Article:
"I knew I had to get away. I was friendless and completely alone. But I had no choice - I had to do something to save my baby and save myself. I looked up Babyklappe in the phone book and found the number for SterniPark. At first I thought I would be using the baby box, but when I got talking, I realized they could help in other ways, offering me the chance of a 'no questions asked' birth."
Many of the desperate women who use the baby box have given birth in appalling situations in an attempt to hide what has happened. To ensure they don't go without necessary attention - be that medical, emotional or psychological - SterniPark introduced the "anonymous birth" initiative to cater for their needs.
"I managed to get away just long enough to give birth anonymously in a hospital," says Sandra. "That in itself was a huge relief. I had no idea where I would deliver, but SterniPark arranged it all and promised that I would be safe. I can't say I felt anything else but fear during the nine months I was pregnant - fear for myself, fear for my baby. I never knew when I was going to be beaten, and I was so afraid that Leon would be born dead."
After his birth, Leon was placed with a care family before Sandra had recovered sufficiently to care for him.
"I'm still in contact with the care family - we've become friends," she says. "I value our friendship very, very much. I really needed to their help and the space to think about what I would do next. After Leon was born, I could barely think straight, and I couldn't get away from the pimp immediately.
"It was a desperate, frightening time," she continues. "But at least I knew that Leon was safe and being cared for. You can't imagine what that meant to me. Even if my life ended or I never escaped, Leon was with people who would love him and take care of him. I had been calling SterniPark regularly to find out how Leon was doing, and the support I got, even over the phone, gave me so much strength. They made me feel human, a feeling I'd never really had before."
Sandra's experience, although difficult, not only helped her escape prostitution, it reunited her with her mother, whom she hadn't seen in five years. Somehow, Sandra found the courage to contact her mother and share her harrowing story.
"I was completely honest with her," Sandra says of the first phone call she made to her mother. I had no idea how she would react, but she took it well. She said, 'What has happened in the past is in the past and what's now is now.' That meant a lot to me. She never made me feel that Leon was unwanted. And my bond with her has grown stronger.
"Next month, I'll be living with my mum until I get my own apartment. Hopefully, that will be near my mum so she can help out with Leon while I work. I have a new life now and I intend to make the most of it. I finally feel free to live and be happy."
But despite success stories like Sanda's, not everyone sees the benefits of the system. A number of conservative politicians and doctors have dismissed the controversial scheme, claiming that the baby boxes are the ultimate symbol of a throwaway society.
"there should be an immediate stop to the practice," says adoption specialist Professor Christine Swientek from the University of Hannover in Germany. "It is not just newborn babies that are being dumped. In one case, a baby that had been stabbed was dumped at the Waldfrieden Clinic in Berlin-Zehlendorf by a parent who did not want to have to face police questions and possible charges.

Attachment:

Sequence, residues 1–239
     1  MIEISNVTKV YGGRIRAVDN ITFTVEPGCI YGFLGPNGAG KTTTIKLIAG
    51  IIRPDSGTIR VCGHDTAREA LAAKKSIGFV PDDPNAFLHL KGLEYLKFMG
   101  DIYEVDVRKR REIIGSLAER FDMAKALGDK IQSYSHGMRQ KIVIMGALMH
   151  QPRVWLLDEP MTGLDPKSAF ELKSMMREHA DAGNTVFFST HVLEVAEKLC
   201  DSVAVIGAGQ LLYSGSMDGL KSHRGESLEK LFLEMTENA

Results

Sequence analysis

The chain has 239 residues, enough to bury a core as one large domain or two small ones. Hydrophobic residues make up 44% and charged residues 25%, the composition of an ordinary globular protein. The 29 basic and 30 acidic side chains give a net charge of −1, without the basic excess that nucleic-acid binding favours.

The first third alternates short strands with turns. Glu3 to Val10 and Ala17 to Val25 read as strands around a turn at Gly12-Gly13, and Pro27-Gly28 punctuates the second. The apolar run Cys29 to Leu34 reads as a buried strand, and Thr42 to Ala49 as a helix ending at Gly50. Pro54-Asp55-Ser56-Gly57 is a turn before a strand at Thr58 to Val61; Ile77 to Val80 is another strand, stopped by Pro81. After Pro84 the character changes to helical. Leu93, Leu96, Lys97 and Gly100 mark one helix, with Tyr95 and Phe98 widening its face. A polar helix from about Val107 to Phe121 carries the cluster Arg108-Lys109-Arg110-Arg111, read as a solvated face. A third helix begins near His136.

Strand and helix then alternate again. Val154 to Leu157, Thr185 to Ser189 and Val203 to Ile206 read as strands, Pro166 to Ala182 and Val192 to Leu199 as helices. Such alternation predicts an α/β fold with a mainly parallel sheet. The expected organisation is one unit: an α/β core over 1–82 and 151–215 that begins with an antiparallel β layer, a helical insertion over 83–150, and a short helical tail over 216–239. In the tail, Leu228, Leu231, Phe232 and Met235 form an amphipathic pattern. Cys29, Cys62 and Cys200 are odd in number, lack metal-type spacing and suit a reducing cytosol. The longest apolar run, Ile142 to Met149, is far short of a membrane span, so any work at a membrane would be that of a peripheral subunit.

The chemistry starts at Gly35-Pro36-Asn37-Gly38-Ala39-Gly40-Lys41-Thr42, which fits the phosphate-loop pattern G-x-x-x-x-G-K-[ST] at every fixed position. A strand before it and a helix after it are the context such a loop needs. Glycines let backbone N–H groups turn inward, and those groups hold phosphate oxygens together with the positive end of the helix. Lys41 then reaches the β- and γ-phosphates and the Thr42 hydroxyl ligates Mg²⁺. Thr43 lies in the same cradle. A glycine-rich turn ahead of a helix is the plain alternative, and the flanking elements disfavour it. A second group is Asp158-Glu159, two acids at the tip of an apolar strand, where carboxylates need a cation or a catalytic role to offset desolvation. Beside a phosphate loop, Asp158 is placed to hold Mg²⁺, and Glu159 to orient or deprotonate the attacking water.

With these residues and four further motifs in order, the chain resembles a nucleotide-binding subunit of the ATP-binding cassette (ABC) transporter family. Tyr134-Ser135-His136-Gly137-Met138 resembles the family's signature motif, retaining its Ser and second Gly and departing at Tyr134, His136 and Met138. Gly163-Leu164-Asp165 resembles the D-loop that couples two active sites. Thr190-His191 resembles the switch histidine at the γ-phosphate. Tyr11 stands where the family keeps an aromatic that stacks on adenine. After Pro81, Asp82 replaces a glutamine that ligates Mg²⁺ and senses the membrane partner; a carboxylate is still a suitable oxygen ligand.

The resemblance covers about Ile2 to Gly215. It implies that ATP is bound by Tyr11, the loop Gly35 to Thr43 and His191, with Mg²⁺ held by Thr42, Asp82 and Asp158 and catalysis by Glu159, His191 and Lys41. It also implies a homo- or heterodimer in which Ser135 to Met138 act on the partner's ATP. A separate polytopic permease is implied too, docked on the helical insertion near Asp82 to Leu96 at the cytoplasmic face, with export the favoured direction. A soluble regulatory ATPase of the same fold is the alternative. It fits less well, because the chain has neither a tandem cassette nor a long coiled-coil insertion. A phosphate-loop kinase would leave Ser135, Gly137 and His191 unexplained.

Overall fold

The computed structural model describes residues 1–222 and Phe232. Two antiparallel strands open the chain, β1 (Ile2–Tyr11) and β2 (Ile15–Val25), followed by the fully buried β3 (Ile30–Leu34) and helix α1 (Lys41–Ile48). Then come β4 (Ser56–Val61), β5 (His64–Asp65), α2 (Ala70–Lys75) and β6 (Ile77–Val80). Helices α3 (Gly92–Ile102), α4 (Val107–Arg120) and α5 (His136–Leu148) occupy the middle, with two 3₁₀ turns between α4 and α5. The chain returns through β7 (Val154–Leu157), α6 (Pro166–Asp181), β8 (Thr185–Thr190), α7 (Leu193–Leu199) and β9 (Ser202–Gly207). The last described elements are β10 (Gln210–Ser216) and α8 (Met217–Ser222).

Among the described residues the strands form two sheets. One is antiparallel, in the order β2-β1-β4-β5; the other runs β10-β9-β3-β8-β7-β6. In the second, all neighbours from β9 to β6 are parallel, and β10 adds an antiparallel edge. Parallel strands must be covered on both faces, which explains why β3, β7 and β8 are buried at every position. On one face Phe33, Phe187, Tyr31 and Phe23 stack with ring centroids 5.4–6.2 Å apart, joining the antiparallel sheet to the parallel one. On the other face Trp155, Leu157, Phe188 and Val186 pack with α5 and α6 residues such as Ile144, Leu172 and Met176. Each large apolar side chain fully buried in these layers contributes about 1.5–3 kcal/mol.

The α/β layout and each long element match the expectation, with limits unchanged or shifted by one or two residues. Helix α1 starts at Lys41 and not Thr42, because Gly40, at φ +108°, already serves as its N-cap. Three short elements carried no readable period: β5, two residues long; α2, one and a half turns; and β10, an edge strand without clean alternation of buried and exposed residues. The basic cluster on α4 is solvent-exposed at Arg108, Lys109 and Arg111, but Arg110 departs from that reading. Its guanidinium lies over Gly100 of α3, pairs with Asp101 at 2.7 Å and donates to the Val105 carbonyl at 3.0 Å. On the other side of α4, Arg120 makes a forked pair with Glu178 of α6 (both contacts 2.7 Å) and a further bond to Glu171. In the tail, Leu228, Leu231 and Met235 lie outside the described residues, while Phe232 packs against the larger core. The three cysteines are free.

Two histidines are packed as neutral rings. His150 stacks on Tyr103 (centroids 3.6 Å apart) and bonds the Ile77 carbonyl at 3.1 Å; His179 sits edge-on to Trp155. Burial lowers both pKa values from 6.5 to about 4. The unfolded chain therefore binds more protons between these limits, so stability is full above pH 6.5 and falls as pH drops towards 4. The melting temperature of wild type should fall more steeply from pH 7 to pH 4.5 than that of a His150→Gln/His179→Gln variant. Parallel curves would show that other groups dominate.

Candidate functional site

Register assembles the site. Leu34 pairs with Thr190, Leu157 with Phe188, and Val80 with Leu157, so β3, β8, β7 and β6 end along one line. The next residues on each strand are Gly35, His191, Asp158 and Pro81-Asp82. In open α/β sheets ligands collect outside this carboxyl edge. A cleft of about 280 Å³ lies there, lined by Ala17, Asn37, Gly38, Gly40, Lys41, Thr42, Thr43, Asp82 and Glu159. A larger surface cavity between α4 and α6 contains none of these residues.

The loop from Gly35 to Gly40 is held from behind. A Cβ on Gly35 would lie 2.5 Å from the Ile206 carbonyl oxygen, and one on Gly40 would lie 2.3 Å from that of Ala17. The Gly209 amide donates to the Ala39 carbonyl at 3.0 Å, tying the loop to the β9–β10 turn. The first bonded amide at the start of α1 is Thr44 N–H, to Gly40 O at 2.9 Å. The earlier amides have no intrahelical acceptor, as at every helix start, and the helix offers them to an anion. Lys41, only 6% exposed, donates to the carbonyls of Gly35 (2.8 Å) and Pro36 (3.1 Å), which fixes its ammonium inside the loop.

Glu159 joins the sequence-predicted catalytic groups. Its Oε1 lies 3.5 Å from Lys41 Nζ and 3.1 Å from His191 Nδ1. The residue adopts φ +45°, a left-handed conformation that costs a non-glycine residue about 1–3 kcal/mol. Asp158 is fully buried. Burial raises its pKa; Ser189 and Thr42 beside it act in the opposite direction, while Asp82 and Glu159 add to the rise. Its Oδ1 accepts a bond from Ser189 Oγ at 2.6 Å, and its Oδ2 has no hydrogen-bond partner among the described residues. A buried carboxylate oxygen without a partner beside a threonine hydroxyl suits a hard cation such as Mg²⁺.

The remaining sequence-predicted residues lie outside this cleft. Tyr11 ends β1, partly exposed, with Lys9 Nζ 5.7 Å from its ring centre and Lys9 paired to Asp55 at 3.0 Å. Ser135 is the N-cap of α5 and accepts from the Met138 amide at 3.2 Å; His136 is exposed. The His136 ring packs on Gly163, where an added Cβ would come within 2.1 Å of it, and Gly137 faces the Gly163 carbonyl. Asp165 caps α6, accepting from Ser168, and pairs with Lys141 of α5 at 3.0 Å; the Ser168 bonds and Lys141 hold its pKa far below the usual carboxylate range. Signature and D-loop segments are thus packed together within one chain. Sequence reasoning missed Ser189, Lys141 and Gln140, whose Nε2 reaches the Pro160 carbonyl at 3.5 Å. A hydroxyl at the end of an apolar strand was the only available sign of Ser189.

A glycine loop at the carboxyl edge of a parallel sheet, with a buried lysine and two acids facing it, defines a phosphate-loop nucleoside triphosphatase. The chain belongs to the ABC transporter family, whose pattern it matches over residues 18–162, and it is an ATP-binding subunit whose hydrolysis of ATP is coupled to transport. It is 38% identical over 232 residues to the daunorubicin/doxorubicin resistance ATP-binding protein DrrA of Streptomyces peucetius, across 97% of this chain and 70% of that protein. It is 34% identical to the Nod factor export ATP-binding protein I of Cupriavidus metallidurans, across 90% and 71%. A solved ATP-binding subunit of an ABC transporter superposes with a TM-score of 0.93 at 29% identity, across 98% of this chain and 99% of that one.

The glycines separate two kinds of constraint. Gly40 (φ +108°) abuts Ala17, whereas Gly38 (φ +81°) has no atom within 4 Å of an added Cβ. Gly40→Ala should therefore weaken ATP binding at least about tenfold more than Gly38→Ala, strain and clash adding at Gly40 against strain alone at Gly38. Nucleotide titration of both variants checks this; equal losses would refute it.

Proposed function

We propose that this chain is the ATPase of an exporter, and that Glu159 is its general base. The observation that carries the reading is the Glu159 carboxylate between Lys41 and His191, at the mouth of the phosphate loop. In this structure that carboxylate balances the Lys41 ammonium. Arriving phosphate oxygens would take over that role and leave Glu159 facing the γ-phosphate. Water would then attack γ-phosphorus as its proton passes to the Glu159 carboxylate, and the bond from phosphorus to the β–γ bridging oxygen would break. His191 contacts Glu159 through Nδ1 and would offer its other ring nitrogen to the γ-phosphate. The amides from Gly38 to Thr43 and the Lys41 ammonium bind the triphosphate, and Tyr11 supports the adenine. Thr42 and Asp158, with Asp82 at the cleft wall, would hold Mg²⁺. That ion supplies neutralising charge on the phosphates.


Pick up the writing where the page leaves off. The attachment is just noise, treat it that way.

"It allows mothers to give up their babies too easily or encourages an irresponsible attitude to having children. We are seeing babies that are two months, four months and even six months that are being added in. These are not the actions of a desperate mother who cannot face revealing she has a child. This is simply people who want to dump annoying children without any consequences."
But supporters believe that although there will always be people who will abuse the system, such cases should not be allowed to detract from the genuine need of women who face impossible circumstances.
SterniPark fundraiser Hilia Marija Hoepker says, "It's not just drug addicts or prostitutes who find themselves with pregnancies they can't cope with. SterniPark helps women from every part of society, from the 16year-old Muslim girl terrified of her family's reaction to the manager's wife whose husband said he'll leave her is she has another child.
"The question is about human rights: the right to dignity, privacy and to live free from fear. Every woman and every child has the right to protection and that's what we do."
For the staff at SterniPark, Sandra is testimony to the tremendous good the organization can achieve for mothers and babies.
"I was in the worst situation," she says. "I experienced nothing but fear the whole time I was pregnant. Leon was going to be born into a life he didn't deserve, but SterniPark gave me hope and offered Leon the chance of a loving, meaningful life.
"When I look at Leon, and now that he is starting to talk and say 'Mama', the feelings of joy are indescribable. I'm so proud of him and I'm even proud of myself for once. I've been able to make the right decision for both of us. I'd even go so far as recommending motherhood. It's the best thing ever."
This article appeared in a 2003 edition of marie claire.
If you are concerned about yourself or about someone you know, contact PANDA’s National Perinatal Depression Helpline 1300 726 306, see your GP or Maternal Health Nurse.